|Original Gravity:||1.061 (15.5° Plato)|
|Alcohol Content:||By Volume: 6.6%|
A full bodied, malty, slightly sweet beer celebrating the Autumn harvest. This rich beer has a round malt flavor and an above average alcohol content perfect for a cool fall evening.
Saint Arnold Oktoberfest is best consumed at 40° Fahrenheit.
Recommended pairings: Crispy potato cakes, roasted turkey, & spicy sausage.
- Silver Medal, Great American Beer Festival, Scottish-Style Ale, 2010
- Bronze Medal, Great American Beer Festival, Scottish Ale, 2001
- Bronze Medal, Great American Beer Festival, Scottish Ale, 2000
- Silver Medal, World Beer Championship, Oktoberfest, 1998
We blended three different types of Munich-style malt to provide a rich caramel flavor.
We use two central European noble hop varieties in this beer: Czech Saaz and Hallertauer.
History and Trivia:
Debuted August 1997.
This style was originally brewed in Bavaria to celebrate the fall harvest. Then along came the wedding of the Crown Prince Leopold and his wife, Therese, and the brewers, sucking up to the royals, claimed that they had brewed this beer especially for their wedding. And what a wedding it was. It lasted two weeks. The wedding, that is. The marriage lasted longer. We're not talking about Britney Spears here.
The wedding was such fun that they decided to celebrate it every year and thus was born Oktoberfest. Technically, the Oktoberfest celebration is the two weeks that end with the first Sunday in October, thus most of the event occurs during September. But Septemberfest just didn't have a good ring to it, we guess.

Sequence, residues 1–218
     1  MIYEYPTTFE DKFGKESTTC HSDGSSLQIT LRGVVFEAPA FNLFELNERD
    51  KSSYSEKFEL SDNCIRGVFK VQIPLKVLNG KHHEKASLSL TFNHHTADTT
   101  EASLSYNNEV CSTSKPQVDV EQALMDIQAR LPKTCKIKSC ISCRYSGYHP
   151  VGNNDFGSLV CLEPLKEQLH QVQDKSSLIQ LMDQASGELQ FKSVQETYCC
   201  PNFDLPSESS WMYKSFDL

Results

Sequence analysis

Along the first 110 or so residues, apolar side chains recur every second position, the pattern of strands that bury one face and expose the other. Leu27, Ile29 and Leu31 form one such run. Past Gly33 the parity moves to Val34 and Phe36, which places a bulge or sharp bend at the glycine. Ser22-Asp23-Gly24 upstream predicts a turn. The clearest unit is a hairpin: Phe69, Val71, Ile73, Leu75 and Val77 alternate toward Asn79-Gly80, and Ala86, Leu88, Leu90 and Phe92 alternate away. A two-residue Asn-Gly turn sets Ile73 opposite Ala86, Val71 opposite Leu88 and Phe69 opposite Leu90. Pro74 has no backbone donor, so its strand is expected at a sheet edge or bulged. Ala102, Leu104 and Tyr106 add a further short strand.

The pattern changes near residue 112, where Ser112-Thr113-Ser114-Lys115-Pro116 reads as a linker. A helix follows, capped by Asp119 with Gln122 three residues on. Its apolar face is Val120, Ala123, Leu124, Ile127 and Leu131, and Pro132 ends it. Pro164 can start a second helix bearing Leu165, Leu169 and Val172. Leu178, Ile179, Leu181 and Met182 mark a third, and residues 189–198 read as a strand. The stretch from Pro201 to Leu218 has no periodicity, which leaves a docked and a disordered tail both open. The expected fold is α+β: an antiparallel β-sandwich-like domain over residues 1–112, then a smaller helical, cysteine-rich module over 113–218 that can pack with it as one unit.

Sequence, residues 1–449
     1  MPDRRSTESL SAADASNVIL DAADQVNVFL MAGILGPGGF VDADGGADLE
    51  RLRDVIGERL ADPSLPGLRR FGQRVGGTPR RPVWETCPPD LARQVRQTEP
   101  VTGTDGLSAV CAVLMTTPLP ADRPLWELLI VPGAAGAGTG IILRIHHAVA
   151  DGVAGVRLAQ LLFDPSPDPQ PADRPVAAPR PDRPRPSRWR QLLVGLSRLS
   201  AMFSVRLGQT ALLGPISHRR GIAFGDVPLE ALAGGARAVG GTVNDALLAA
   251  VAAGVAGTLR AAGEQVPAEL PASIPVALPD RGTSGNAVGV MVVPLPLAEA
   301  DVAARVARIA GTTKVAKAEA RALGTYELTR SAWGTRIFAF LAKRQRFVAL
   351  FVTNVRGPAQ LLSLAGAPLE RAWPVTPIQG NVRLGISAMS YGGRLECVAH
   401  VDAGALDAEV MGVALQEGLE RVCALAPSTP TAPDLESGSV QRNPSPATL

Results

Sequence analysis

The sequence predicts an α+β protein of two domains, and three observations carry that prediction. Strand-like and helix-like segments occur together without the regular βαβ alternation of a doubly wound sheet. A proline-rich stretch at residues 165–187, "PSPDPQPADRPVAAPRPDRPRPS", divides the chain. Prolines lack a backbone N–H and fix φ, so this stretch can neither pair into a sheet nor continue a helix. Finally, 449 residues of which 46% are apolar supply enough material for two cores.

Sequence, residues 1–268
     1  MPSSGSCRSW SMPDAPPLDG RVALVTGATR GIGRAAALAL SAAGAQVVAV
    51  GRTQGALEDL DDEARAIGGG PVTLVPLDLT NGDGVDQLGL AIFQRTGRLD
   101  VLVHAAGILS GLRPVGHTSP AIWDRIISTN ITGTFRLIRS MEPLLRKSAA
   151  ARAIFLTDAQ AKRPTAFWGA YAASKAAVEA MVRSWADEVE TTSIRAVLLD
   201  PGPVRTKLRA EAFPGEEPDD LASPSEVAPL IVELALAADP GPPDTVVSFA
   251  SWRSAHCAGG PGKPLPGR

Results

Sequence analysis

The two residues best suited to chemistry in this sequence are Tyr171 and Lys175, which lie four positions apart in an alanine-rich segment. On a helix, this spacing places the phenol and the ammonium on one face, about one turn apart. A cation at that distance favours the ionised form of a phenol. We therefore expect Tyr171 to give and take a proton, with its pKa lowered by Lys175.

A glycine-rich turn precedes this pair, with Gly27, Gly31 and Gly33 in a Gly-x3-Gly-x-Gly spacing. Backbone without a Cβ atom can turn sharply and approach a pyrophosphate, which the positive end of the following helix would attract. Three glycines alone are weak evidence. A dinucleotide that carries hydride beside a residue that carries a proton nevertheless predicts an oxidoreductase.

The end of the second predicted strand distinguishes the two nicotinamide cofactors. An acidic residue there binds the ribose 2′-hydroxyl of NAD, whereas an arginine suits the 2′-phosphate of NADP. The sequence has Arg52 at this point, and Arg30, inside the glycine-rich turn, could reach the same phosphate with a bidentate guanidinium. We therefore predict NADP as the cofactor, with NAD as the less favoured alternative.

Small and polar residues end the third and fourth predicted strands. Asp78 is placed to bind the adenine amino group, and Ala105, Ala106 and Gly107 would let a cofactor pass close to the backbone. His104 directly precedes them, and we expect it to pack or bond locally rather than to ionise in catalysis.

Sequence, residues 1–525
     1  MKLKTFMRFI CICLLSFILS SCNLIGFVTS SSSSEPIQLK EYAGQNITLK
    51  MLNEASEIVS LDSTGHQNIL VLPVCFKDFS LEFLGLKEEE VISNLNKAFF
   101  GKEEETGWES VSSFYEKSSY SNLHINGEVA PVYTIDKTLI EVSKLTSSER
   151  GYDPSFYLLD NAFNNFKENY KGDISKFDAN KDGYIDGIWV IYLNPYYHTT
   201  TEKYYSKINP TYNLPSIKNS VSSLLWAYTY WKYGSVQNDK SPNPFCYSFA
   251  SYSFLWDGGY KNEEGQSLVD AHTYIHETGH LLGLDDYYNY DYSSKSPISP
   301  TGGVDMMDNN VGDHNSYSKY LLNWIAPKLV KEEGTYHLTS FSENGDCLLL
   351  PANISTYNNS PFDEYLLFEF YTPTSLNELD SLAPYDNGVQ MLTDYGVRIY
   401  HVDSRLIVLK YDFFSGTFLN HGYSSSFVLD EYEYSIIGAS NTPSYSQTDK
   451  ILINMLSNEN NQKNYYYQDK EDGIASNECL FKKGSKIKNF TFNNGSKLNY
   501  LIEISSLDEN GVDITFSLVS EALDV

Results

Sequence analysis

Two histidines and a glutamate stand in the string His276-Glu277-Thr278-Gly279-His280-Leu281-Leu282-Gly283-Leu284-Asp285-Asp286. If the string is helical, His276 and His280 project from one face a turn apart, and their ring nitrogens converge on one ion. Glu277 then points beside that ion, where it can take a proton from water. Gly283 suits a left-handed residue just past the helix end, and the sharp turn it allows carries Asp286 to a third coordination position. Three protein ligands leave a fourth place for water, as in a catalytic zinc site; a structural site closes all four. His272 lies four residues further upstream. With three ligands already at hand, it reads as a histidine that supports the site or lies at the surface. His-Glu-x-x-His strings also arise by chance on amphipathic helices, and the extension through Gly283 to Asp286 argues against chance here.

The Oktoberfest was developed to be a lager recipe as is traditional for this style. Once we had settled on a final recipe, made with lager yeast, we decided to make a test batch with our house ale yeast for shits and giggles. When it came time to do our blind tasting to choose our beer, the ale version won by a large margin. And the ale took only two weeks to make versus seven weeks for the lager. Tastes better, brews faster, easy decision! The ale won out.
Upon release, we had many knowledgable people come up and tell us what a great lager we had brewed. When we told them it was an ale, they would suddenly start telling us how it tasted too fruity and was wrong for the style. These are people that you have to resist the urge to slap.
In the early days, our recipe development program went like this: First, we would do however many homebrews it took to get to a point where we were happy with the recipe ourselves. Second, we would invite people to come to the brewery and we would conduct a blind tasting. We would use two or three of our test brews and two or three commercial examples. These became family affairs--Kevin and Brock shuttling out tasting sets to people and Brock's wife Karen in the kitchen cleaning glasses for the next round. We don't know why we didn't think of using plastic cups. Fortunately, the results of these tastings always confirmed our instincts. We're not sure what we would have done if they hadn't.
In August 2002, we were filtering our first batch of Oktoberfest when we noticed it wasn't the right color; it was too light. We tasted it; it didn't taste right either. But it tasted good. But different. It turns out our maltster mislabeled some bags of grain and we didn't catch it during the grinding. Thus, we ended up with a batch of off-spec Oktoberfest. Our first thought was to dump it. But everybody who sampled it thought it tasted really good. So instead we sent out an email telling everyone we had a batch of off-spec Oktoberfest that still tasted really good although different. The result was everybody rushed out to get the off-spec batch and then bought some of the properly brewed Oktoberfest as well. It was an unintentional success, and since we explained the problem at the outset, our customers actually enjoyed the experience!